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How to not be so annoyed all the time

You have the right to be annoyed at anyone or anything you want. If you exercise this right too frequently, however, you risk compromising your right to have a happy and healthy life.

Because I don’t think happiness and health are worth compromising, I’ll offer you my two cents on how to let go of the small annoyances that can deplete your energy and diminish the quality of your day.

A former employer of mine was fond of saying “we judge ourselves by our intentions, but we judge other people by their actions.”

For example, when was the last time you yelled and honked the horn at yourself for cutting someone off on the highway? Probably never. The reason is because you told yourself a nice little story about how you’re usually a good driver and that you’re only doing this because the exceptional circumstances you find yourself in require it. The person you cut off doesn’t have that story in their head when they judge you. So you’re just a jerk who doesn’t know how to drive in their eyes.

When someone cuts you off, it’s not a common tendency to charitably assume that the other driver is a person just like you who may be dealing with an emergency. We’re so focused on our own agenda that we only notice that someone is in our way.

But the truth to keep in mind is that everyone, not just you and I, has a story. When someone behaves in a way that annoys you, use your imagination to consider a few reasonable possibilities for why they may be acting that way. Give them the benefit of a doubt.

For all you know, the particular individual getting under your skin could be a victim of abuse who happens to be crying out for help in an indirect or convoluted way. The skeptical mind may doubt the plausibility of such a such a hypothesis. No problem. If you enjoy being skeptical, then be skeptical in both directions. You may have no evidence that an annoying person has a legitimate back story, but do you have any evidence that they woke up this morning with the specific goal of ticking you off? If not, suspend judgement.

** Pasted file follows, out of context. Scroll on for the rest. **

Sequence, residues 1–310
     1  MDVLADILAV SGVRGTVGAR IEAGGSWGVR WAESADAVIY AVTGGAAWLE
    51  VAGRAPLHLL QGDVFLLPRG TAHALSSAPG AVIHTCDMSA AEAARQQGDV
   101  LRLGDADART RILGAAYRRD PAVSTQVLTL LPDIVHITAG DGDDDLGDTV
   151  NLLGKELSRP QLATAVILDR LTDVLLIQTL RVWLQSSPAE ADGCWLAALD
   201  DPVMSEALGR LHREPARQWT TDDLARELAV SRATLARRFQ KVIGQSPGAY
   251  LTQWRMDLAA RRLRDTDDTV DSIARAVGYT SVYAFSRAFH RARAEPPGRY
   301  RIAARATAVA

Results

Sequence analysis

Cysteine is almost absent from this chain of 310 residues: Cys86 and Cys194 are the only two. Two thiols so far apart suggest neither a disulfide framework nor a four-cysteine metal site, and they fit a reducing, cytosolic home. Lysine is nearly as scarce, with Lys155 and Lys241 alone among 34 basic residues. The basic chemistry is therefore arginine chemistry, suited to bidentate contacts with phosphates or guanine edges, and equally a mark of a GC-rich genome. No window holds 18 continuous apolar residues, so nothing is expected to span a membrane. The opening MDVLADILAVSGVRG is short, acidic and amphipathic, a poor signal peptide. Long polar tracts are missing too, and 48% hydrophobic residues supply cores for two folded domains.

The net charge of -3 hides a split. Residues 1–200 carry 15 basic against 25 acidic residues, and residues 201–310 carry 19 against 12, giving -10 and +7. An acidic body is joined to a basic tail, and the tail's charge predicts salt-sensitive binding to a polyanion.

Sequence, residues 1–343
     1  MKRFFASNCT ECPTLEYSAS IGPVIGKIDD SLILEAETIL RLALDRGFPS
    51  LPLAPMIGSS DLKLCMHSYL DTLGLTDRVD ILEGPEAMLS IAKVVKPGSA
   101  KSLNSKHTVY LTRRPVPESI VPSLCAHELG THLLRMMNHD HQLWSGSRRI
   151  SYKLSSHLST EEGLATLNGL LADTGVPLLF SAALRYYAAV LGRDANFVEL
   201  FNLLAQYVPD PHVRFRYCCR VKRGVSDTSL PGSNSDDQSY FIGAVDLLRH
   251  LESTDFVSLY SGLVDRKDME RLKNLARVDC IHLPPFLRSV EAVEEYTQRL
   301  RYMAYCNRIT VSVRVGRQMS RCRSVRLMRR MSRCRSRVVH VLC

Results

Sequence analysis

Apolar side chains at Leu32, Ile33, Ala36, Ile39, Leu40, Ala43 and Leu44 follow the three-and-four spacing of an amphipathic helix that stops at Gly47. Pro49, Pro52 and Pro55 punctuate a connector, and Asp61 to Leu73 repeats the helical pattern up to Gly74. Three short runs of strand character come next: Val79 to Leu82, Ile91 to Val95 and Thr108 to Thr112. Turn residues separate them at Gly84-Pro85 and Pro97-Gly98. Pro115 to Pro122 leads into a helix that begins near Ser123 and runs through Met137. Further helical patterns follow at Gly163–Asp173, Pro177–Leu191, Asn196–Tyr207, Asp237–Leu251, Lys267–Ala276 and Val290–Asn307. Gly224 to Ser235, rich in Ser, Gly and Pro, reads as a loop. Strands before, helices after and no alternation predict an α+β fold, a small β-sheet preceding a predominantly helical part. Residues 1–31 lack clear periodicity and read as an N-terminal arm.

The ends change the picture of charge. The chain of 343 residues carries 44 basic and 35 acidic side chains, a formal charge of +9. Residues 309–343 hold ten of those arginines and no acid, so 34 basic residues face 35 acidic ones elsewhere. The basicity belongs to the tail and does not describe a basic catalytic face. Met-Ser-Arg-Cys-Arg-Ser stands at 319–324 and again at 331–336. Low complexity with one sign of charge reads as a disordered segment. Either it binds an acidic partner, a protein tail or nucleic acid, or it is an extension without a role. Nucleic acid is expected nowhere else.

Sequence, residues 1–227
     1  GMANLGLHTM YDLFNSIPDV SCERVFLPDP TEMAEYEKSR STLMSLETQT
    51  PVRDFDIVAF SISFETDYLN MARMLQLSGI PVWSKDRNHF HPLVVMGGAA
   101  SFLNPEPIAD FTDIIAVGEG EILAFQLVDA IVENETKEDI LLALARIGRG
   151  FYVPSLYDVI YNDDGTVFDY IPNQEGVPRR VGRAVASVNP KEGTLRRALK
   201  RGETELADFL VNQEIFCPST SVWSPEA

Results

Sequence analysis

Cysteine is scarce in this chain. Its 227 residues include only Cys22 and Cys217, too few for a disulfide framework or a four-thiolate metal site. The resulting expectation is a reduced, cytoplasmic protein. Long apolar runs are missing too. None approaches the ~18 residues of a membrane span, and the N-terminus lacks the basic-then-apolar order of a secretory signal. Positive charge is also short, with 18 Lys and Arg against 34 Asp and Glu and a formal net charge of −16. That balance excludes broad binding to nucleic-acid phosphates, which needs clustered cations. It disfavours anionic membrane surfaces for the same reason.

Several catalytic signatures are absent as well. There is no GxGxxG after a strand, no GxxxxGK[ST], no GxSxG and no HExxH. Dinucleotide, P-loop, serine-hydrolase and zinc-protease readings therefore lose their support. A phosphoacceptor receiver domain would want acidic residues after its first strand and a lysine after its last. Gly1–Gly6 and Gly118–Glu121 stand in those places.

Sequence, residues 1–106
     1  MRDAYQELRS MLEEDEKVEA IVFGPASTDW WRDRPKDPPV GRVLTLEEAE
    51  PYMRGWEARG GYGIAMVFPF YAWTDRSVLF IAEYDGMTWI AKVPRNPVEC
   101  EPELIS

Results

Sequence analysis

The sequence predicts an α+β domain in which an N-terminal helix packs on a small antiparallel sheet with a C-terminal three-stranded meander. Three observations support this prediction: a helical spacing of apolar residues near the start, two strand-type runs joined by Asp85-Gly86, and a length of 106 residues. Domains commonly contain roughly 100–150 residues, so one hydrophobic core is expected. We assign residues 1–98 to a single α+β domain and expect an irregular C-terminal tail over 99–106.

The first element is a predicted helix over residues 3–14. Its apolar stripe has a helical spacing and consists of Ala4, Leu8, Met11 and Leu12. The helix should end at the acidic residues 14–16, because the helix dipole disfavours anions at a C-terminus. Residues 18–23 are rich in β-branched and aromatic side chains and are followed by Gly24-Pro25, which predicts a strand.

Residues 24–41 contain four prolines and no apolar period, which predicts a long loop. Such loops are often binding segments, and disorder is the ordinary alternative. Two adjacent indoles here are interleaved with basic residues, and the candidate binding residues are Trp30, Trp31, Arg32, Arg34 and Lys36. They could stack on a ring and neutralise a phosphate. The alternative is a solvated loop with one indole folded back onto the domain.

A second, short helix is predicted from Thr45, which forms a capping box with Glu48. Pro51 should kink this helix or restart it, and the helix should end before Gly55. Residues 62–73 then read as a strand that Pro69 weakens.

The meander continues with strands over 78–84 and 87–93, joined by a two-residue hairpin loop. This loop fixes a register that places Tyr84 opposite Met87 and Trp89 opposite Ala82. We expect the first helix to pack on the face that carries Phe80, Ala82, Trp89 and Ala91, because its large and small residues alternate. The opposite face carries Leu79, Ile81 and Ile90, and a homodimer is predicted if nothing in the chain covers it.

Take it easy. Be merciful. Treat people how you would like them to treat you.

Because it’s the right thing to do? Nope!

Because it’s good to be the bigger man? No way!

Because people will see how mature you are? Nada!

Because you only have so much energy to give and some things just aren’t worth wasting it on.

As a divine being with a divine destiny, you have a lot to accomplish. Don’t use up your mental and emotional energy on people and conditions that are best left ignored.

Cheers,

T.K. Coleman

TK’s Two Cents: Why “annoying” people are awesome! Pt. 3

I presume you’ve read part 1 and part 2. So without further ado, here’s the remainder of my two cents on “annoying” people.

What to do (or not to do) about annoying people

The next time you find yourself annoyed with someone, maybe it would help to consider the possibility that this individual is a genius who is on this earth to solve real problems that you personally don’t understand, have, or care about. Instead of trying to get other people to change, maybe you could encourage them to find their crowd and utilize their personality traits in a way that would benefit others.

If that sounds like too much work, maybe you can just leave them alone, let them be, and rest in the awareness that God gave them their personality for a reason. That understanding alone, tends to be much less stressful than being frustrated with the differences we can’t change.

One man’s problem is always another man’s problem solver. What annoys you may alleviate someone else’s annoyances. Maybe the very quality you hate about them is the same attribute that’s going to prevent someone else from jumping off the cliff and throwing it all away. 

Does it not genuinely feel better to entertain a notion like that?

Why should you care about being more understanding, patient, & tolerant with annoying people?

I have seen very talented, brilliant, and driven people consume  significant quantities of time and energy bemoaning someone else’s annoying qualities. I’ve also seen very gifted and unique individuals subdue their passions because of a fear of being annoying. Ultimately, how we judge others is intimately related to how we judge ourselves. When we lack compassion and insight in the assessments we make of our own personalities, we tend to extend those attitudes to other people and vice versa.

An improved ability to see other people’s annoyances in an appreciative light deepens our own capacity for self-love and self-respect. When you can be free of the need to judge others, you feel less intimidated when others judge you. When you practice the art of looking for evidence of genius in the people who irritate you, you become more privy to the genius within.

The better you are at getting over how annoying someone else is, the better you will be at remembering how fascinating you are. And there’s nothing the world needs more than someone who remembers how fascinating they are. We may find you a little annoying from time to time,  but what else is new? Keep doing you and let others do the same.

Because it’s the right thing to do? Nope! It just feels better to live that way.

At least that’s my two cents. What’s yours?

T.K. Coleman

TK’s Two Cents: Why “annoying” people are awesome! Pt. 2